Health and Safety in a Construction Environment
It was not until 1974 that the Health and Safety Act came into effect and before that about 8 million employees had no legal safety protection. This was put in place to introduce and to promote high safety standards in the workplace. The act places responsibility on the employer as well as the employee to ensure the health and safety and well-being of individuals in the workplace and the general public.
In the UK the Health and Safety Executive (HSE) is the government agency which is responsible for the encouragement, regulation and enforcement of workplace health, safety and welfare. The Health and Safety inspectors may enter any work premises at any time.
The inspector has 5 powers:
- to carry out examinations and investigations
- to take possession of an article and arrange for it to be dismantled or tested
- to seize and make safe any article or substance that could cause serious personal injury
- to request information and take statements from people they think can help an investigation
- to inspect and copy documents
If the inspector considers that you or your company are breaking health and safety law, or that your activities give rise to a serious risk, they have the powers to:
- issue an informal warning, verbally or in writing
- issue an improvement notice or prohibition notice
- prosecute the company and/or individuals
In 2017/2018 144 individuals were killed in the work place (RIDDOR) in the UK. Of these, 86 were aged 16-59, and 55 were 60+. 96% of these were males. 38 of the fatal injuries were in the construction industry, which is over 26%.
- The main types of fatal injury were from:
- falling from height
- being struck by a vehicle
- being hit by a moving object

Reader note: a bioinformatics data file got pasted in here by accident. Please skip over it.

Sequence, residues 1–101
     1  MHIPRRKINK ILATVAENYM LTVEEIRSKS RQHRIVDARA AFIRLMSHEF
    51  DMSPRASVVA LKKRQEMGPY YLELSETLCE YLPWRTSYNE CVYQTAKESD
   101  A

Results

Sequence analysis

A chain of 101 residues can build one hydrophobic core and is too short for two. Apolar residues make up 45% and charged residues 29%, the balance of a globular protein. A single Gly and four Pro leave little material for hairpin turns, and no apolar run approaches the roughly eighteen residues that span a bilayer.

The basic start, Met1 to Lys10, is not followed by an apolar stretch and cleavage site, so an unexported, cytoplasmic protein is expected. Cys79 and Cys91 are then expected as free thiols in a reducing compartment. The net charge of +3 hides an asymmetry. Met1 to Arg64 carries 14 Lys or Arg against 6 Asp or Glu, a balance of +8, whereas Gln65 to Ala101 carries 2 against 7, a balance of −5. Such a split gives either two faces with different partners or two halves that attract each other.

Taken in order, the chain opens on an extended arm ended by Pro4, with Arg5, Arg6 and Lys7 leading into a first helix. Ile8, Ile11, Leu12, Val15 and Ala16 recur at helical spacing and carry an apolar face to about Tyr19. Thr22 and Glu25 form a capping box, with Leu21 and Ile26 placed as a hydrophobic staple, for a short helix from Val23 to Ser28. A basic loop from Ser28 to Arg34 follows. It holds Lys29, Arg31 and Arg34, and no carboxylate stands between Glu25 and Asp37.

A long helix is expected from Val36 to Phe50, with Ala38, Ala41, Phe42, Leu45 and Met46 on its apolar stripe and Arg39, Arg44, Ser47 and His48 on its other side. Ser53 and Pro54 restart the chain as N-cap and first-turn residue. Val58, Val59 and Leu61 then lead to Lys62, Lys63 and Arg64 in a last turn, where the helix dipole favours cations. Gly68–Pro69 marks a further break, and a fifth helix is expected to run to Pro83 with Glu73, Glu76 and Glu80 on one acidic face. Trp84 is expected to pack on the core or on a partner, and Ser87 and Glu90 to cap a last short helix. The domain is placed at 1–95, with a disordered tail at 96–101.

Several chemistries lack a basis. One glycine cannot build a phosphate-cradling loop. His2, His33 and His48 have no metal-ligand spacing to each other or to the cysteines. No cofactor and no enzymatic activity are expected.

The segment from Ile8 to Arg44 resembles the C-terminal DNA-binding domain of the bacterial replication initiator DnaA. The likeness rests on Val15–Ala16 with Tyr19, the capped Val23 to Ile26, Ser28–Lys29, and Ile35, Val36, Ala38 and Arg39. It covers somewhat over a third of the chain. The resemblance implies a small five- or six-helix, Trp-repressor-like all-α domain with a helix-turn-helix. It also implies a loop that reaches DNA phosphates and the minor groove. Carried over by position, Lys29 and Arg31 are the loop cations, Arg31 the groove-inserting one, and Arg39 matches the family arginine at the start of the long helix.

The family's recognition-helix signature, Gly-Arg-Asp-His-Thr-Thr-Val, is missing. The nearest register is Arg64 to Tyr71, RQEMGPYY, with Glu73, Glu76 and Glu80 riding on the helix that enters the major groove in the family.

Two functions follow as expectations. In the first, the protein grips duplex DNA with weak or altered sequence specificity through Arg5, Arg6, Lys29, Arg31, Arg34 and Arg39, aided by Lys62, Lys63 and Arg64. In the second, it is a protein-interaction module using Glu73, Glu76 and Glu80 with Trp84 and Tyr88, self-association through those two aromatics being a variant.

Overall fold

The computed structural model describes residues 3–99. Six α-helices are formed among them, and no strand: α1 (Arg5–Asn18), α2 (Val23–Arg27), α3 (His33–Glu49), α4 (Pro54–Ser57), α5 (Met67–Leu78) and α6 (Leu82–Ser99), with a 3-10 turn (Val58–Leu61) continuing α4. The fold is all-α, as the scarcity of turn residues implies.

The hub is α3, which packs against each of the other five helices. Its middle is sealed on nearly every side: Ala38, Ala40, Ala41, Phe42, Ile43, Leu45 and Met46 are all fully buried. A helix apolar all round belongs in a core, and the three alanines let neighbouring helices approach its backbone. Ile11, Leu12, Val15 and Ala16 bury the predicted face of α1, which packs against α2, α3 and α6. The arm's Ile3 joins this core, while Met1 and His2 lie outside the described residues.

- being trapped by something collapsing or overturning
- contact with moving machinery
The number of injuries in England is lower than in Scotland and Wales and is strongly influenced by the variance of industry and occupations.
The construction industry takes health and safety very seriously as it is high risk work and a high risk workplace. Obviously the industry is looking at prevention as there can be serious implications if they do not address health and safety issues. Companies can be fined or banned from working at all if they are served with a prohibition notice or prosecuted and convicted for neglect or be sued. The Construction Skills Certification Scheme (CSCS) came into effect in the 1990s as the government and the Health and Safety Executive felt that the reason for high rates of fatalities was due to a lack health and safety training in the construction industry. The construction industry is diverse and some form of standardisation needed to be in place as it was impossible to determine the health and safety on a construction site. The CSCS test was a standardised way of measuring health and safety awareness in the industry and could be applied across a range of trades in construction. Passing a CSCS test provides proof of competency in Health and Safety.